This week marks workplace wellbeing day – but our workplace has changed so much in the last two months. At the outset of the lockdown restrictions, we may have been scrambling to set up a home-desk and some of us are still working at the kitchen table. This seemed okay when we thought it was short term. However, even if restrictions are changed, the foreseeable future of work will likely include a much higher degree of working from home.
If you have not already, now could be the time to assess your workstation. If possible, it should be a designated space, even if it cannot be in a separate room. You need to feel that when you are at this station you can be in work-mode, but when you step away from it, you are back in your home.
Consider the ergonomics of your space. Chair height and desk height are important and your own home furniture may not be best suited. You may need to discuss with your employer supports that might be available to improve your workspace and therefore your productivity. We know that working on a laptop long term increases risk for wrist, neck and back pain. If you can avail of a workstation including keyboard, mouse and full screen, you can improve your posture and reduce risk of injury.
Juggling childcare and working hours
A major difficulty for many is that the childcare situation remains unknown. It is possible that parents will be juggling home school and childcare with work commitments for some time. Feeling committed to two separate roles at the same time can lead to feelings of stress, anxiety and failure. It’s hard to be good at both of these things at once.
It can be helpful to set working hours versus family hours to avoid feeling constantly like you should be doing more of the other. This may mean however that you decide to get up early to get some undisturbed hours in. Or perhaps you prefer to work later in the evening. You may need to discuss this with colleagues and your employer so that they know when to contact you or schedule meetings. We will all need to adapt to changing working hours and people’s commitments.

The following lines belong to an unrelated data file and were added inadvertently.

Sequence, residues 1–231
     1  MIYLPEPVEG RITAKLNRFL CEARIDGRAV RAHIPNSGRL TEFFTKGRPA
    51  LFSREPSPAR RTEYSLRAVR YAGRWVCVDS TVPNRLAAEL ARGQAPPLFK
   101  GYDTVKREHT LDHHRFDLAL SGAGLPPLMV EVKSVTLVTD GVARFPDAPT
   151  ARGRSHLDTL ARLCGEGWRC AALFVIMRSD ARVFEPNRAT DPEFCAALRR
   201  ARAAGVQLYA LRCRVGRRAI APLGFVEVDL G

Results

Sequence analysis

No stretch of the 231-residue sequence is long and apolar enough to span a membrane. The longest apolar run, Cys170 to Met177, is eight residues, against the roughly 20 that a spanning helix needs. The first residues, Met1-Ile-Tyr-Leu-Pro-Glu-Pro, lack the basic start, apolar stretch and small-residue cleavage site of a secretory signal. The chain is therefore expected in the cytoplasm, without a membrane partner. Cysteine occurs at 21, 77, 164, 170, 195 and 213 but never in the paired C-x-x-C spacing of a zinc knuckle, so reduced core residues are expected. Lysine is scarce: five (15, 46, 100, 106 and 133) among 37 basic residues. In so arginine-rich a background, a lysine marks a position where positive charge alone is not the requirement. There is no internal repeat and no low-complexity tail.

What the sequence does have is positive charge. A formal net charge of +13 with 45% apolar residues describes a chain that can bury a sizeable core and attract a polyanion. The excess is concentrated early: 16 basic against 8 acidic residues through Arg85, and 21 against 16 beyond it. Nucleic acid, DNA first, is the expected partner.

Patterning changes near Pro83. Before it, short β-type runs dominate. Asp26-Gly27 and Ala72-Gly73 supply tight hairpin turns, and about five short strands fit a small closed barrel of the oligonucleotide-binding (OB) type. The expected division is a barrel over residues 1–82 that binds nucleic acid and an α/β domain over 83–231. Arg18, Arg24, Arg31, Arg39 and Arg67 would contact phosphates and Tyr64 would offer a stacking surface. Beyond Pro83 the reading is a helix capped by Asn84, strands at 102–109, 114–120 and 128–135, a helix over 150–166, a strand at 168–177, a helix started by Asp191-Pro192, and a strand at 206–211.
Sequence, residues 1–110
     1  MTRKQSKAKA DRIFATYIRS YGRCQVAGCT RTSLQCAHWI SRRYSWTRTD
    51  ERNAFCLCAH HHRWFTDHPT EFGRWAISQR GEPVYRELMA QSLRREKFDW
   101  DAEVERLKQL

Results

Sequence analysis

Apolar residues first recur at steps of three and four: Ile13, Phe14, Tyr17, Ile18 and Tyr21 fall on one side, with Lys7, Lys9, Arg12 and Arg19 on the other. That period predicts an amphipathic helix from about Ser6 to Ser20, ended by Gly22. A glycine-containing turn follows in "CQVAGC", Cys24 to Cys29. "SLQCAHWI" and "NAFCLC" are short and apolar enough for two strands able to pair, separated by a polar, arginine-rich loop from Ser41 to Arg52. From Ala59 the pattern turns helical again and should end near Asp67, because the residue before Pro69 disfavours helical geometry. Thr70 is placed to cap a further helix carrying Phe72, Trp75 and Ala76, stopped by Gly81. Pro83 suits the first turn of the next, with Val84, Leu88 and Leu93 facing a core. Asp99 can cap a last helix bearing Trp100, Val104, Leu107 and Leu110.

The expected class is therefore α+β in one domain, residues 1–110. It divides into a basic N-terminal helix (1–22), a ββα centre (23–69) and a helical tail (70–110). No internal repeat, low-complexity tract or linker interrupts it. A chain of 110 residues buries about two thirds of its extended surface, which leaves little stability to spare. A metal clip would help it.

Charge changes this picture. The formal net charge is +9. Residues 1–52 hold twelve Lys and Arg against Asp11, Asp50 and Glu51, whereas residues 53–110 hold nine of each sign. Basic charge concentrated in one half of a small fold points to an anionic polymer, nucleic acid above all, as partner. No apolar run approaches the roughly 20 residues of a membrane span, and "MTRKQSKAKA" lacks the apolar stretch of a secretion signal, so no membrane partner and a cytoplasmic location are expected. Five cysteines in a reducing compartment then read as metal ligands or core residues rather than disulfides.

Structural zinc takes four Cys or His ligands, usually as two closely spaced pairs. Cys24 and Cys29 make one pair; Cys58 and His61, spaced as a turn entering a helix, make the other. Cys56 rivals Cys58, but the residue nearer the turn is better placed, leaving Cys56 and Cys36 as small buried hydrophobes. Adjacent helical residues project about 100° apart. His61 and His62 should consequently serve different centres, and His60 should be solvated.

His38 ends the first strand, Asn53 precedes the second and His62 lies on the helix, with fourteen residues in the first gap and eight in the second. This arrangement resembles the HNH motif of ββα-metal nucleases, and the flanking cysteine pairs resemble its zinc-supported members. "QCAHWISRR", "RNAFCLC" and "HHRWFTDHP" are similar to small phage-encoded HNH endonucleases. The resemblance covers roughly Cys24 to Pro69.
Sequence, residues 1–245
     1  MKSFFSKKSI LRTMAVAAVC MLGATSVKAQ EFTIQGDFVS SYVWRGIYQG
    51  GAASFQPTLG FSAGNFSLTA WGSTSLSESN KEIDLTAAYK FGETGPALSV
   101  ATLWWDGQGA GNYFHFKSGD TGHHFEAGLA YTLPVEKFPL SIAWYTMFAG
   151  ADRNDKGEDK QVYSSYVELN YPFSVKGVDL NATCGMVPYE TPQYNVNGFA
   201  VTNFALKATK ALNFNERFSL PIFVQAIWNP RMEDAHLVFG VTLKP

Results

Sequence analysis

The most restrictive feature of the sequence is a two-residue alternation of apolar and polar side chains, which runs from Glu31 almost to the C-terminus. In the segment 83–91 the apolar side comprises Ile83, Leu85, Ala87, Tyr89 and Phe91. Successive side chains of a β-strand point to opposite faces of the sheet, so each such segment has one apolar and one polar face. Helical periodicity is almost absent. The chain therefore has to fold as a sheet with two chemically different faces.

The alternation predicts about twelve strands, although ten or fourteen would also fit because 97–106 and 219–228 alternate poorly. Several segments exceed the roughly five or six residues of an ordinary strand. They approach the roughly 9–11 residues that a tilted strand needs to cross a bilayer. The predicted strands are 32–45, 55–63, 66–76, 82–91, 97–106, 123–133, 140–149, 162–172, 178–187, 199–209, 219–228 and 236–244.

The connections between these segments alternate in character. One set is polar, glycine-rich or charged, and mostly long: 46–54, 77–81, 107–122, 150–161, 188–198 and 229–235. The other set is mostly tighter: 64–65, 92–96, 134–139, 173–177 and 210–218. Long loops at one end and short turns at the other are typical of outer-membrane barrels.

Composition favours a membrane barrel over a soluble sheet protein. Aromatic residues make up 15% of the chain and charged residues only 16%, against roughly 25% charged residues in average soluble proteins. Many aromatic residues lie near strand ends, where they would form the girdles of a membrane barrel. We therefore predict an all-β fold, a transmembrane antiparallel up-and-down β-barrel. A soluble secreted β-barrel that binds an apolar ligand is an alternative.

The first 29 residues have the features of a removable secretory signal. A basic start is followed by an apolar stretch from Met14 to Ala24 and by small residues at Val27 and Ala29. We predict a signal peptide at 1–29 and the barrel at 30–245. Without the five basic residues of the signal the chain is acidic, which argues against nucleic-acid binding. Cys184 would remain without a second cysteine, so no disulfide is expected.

Remote meetings and online communication
We hope you are not sick of Zoom just yet! Remote meetings are likely to be the primary method of communication over the next few months or years. It could be a long time before we gather in a meeting room again.
We are starting to learn that our appearance at a remote meeting is important, and not just whether you are secretly wearing pyjama bottoms under the desk. If you turned up to a meeting in person, slouched back in your chair and stared blankly into space, it might be perceived that you had zero interest in being there. The same can be said for a remote meeting. Try to make sure that you’re camera is positioned well – sometimes using your phone is better than your laptop camera. Know how to mute when you’re not speaking. But don’t be afraid to pipe up when needs be. Just like a real meeting, attendance is not the same as participation. If we moaned about useless meetings before, then useless remote meetings should be just as vilified.
Keep in contact with your work pals
We need to keep up communication with our colleagues and work-pals. They are ordinarily a huge part of our lives and we will be missing the water cooler talk and catch ups over coffee. For some of us the connection is so strong, that we have declared a ‘work-wife’ or ‘work-husband’. To be clear, this has nothing to do with infidelity, but is the go-to person we sit beside, bounce ideas off, call on for the coffee break. It’s a strong work relationship which you are now separated from.
From a work point of view, collaborations and sparking of new ideas and projects is going to be reduced. From a social point of view, we will be missing that outlet, the human interaction that we need to diffuse work-related stress and frankly it makes the work day that much more enjoyable. We recommend having a short social catch up every week, without a specific agenda or work-related discussion.
More to come..
To mark Workplace Wellbeing Day this week, we will bring you part two of this blog tomorrow where we’ll discuss other health-related issues to consider when working from home.
If you are interested in discussing supports for your staff working from home, email us at firstname.lastname@example.org